Aspen granola brand takes off for local couple
The Aspen Times
Aspen, CO Colorado
ASPEN – Maddy D’Amato and Alex Hasulak are having trouble tracking time. Days flow into nights and back into day; weeks flash by in a blink. And was it really just nine months ago that their Aspen-born business, Love Grown Foods, first became available, selling its granola in just two small local shops? Was it this past summer that the couple could spend day after day talking up their product in Aspen’s City Market – the only supermarket to stock Love Grown Foods?
“Our weeks feel like an hour,” D’Amato, a 22-year-old Aspen native, said. “Because we do so much work and it goes by so fast. We’re demo-ing our product, giving out samples, and then suddenly it’s the next weekend and we’re doing it again.”
As of last month, the number of supermarkets selling Love Grown Foods’ granola ballooned to 80 City Markets and King Soopers across Colorado (including in Aspen and El Jebel) and into Wyoming. Compounding the disorientation was the fact that they had been told a few months earlier that it would be half that number of stores carrying their product. Hasulak, a driven 23-year-old Arizona native who, like D’Amato, sped through Denver University in three years, isn’t surprised by the growth. But it has knocked him a bit off-balance.
“You look back and say, ‘How did that happen? Did it really happen?'” Hasulak said. “Because we get so much in the grind and groove of what we’re doing. You don’t pay attention to what’s happening in the present day.”
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There’s nothing like visual evidence, however, to prove just what you have accomplished. For D’Amato and Hasulak, that proof came last week, when they had a photo taken of themselves leaning on a full pallet of boxes of granola – more than a thousand bags of product.
“A lot of people can say they own a company with a food product and have it packaged. But it’s a completely different perception when you see us on an entire pallet full of our product,” said Hasulak, who calculated that they have delivered about 9,000 bags of granola to their distributor since the beginning of January.
D’Amato and Hasulak don’t need any reminders to tell them who actually made the granola: The two, who relocated to Denver over the past months, are the sole employees of Love Grown. Their typical schedule has them baking five nights a week, for four to five hours at a stretch, in a commercial kitchen near their Stapleton neighborhood. They have proven themselves more than competent as bakers: Jim Leff, founder of the chowhound website, recently held a blind taste-test that ranked Love Grown’s Sweet Cranberry Pecan as the No. 1 “killer” granola in the country, ahead of such brands as Udi’s and Back to Nature.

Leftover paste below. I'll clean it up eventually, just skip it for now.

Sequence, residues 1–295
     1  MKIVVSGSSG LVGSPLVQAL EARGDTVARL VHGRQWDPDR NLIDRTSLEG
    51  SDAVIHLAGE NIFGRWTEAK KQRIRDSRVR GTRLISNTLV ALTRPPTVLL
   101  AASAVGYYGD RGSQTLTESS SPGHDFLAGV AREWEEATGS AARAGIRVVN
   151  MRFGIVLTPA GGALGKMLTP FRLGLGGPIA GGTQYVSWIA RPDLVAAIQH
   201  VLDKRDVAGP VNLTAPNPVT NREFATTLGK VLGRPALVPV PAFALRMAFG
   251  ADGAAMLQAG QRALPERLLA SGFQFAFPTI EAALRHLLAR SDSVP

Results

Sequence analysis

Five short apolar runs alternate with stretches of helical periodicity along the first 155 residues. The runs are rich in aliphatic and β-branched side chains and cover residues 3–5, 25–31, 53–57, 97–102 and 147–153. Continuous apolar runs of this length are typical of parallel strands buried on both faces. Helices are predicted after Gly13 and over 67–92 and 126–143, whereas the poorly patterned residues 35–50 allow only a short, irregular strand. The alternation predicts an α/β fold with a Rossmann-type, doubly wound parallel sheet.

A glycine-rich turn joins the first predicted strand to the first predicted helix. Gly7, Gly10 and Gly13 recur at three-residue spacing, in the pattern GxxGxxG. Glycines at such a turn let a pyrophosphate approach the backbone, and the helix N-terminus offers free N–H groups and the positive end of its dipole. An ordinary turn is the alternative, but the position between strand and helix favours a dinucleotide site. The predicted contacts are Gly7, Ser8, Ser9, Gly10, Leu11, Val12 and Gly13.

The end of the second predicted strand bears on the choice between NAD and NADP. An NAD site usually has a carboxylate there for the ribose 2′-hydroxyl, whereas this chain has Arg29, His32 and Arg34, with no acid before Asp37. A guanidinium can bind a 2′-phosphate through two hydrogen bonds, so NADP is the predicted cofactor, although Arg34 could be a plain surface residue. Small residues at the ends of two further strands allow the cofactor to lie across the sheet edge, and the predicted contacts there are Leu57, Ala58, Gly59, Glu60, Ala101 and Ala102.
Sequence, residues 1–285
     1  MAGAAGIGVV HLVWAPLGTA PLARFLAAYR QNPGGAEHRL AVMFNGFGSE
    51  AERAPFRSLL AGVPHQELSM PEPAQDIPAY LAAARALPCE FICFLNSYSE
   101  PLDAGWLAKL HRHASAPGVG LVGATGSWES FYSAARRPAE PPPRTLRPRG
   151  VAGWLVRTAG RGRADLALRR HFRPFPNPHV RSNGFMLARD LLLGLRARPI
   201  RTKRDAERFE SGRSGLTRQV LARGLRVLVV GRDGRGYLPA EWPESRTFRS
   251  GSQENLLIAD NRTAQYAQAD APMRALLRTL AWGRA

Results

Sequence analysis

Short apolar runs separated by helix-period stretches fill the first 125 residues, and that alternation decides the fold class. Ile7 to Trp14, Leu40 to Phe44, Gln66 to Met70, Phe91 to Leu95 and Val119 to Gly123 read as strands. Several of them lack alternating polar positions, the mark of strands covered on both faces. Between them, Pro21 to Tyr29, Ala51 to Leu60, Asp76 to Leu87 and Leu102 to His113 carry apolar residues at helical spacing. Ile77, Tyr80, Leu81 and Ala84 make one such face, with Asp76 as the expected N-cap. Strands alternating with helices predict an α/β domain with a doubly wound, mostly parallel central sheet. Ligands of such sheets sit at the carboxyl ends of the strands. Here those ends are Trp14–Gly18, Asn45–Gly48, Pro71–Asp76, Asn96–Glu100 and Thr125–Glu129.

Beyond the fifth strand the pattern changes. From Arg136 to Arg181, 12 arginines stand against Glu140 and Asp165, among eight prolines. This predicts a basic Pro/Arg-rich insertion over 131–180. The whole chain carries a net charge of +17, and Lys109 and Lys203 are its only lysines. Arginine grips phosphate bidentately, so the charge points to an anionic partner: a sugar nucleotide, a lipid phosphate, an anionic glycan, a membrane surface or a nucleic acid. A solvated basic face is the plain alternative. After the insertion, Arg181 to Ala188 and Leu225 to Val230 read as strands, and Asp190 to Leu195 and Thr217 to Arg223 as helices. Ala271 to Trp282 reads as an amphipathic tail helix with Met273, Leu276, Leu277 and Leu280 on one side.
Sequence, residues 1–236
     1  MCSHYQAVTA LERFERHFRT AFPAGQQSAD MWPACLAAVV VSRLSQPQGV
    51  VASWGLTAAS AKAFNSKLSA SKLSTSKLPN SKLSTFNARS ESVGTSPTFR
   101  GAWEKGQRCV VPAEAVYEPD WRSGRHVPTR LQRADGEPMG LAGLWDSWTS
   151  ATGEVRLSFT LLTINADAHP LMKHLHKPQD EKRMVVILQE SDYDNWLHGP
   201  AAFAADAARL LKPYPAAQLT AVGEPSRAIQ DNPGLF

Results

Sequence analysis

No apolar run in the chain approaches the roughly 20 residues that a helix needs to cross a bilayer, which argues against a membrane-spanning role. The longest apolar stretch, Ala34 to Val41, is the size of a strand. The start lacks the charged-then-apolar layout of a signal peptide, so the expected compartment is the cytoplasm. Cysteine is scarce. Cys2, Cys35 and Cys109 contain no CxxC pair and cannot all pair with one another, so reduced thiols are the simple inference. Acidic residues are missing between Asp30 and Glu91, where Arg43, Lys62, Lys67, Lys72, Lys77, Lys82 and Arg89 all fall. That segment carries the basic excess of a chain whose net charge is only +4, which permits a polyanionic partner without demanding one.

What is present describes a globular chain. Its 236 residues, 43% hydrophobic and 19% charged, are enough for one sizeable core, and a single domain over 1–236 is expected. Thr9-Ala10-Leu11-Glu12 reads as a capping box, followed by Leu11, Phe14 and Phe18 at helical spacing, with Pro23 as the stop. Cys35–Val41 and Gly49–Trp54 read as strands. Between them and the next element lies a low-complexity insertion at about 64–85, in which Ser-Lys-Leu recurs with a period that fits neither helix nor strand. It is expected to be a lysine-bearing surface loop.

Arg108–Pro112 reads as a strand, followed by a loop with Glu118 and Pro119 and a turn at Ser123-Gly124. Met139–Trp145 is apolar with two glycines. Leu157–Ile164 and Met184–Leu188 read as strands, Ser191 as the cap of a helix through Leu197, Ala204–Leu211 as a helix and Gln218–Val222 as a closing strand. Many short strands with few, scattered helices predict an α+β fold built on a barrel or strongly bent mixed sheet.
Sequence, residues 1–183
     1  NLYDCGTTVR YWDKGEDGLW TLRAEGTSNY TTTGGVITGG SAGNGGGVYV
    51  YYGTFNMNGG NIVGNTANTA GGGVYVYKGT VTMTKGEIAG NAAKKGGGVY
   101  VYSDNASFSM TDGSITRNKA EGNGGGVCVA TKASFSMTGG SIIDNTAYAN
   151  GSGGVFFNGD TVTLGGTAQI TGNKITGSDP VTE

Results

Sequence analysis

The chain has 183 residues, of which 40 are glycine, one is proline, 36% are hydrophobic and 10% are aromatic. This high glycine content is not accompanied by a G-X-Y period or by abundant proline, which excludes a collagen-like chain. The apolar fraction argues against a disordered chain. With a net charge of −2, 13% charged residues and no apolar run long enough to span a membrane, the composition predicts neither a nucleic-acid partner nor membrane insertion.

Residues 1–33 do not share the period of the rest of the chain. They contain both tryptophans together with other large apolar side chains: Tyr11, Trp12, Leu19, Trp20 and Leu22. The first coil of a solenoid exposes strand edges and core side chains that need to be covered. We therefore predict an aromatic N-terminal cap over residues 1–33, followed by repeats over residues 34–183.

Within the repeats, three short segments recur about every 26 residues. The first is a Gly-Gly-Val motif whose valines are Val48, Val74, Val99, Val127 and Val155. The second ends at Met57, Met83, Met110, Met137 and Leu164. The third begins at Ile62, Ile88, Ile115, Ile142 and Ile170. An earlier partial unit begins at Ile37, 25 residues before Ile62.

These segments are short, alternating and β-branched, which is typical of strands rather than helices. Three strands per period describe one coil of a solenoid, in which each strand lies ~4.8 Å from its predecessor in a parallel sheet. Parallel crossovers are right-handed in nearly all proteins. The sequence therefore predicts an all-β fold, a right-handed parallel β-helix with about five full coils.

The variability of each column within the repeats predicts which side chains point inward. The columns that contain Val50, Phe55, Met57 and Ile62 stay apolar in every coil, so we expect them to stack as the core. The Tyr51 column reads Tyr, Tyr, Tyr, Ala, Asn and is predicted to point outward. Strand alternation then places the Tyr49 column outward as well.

But the most significant part of the job – beyond the cooking, meetings, paper work, strategizing about getting into farmers markets and special events, and expanding into California and Arizona – is customer contact. The company is built not just on the granola, but on a way of thinking about food, nutrition and health; their slogan is “It’s not just a company, it’s a lifestyle,” and the Love Grown website features tips for leading a balanced life and getting sufficient exercise. D’Amato and Hasulak spend weekends in supermarkets, handing out samples, informing customers about their ingredients (no preservatives or hydrogenated oils, organic agave syrup instead of refined sugar) and letting people put a face to the product.
“We need to be spending time interacting with our customers,” D’Amato said, adding that between the two of them, they sell about 200 bags a day on supermarket days. “They can see how energetic we are, our enthusiasm, and how much we believe in the health benefits, and that this is the direction that food needs to go. The response we get is phenomenal, because they get to hear our story from us. And they can’t believe it when we show them the pictures on the bag, and it’s really us.”
That business model has earned the attention of their alma mater. A senior-level marketing class at Denver University is based on building a marketing plan for the business.
To keep their own lives in balance, while still getting in workdays of 15 hours or more, they combine business with socializing. They gather their college buddies for “sticker parties” that mix conversation with the chore of putting stickers on bags of granola. That has to suffice for a social life for the moment. Over the past two months they haven’t taken a day off, just managing to squeeze in two trips to the movie theater, for “Avatar” and “Valentine’s Day.”
“But if we hit a new milestone, we might go see ‘Avatar’ in IMAX,” D’Amato said.
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